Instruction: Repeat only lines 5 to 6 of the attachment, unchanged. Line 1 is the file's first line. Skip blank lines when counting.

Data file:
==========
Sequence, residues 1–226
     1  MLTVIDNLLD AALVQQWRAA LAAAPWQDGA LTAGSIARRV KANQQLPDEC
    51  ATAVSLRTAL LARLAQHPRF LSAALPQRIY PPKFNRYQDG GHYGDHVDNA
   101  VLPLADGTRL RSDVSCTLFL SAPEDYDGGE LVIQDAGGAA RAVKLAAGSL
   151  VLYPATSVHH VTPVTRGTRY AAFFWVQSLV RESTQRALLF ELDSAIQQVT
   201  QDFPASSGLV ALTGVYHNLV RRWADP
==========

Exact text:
   151  VLYPATSVHH VTPVTRGTRY AAFFWVQSLV RESTQRALLF ELDSAIQQVT
   201  QDFPASSGLV ALTGVYHNLV RRWADP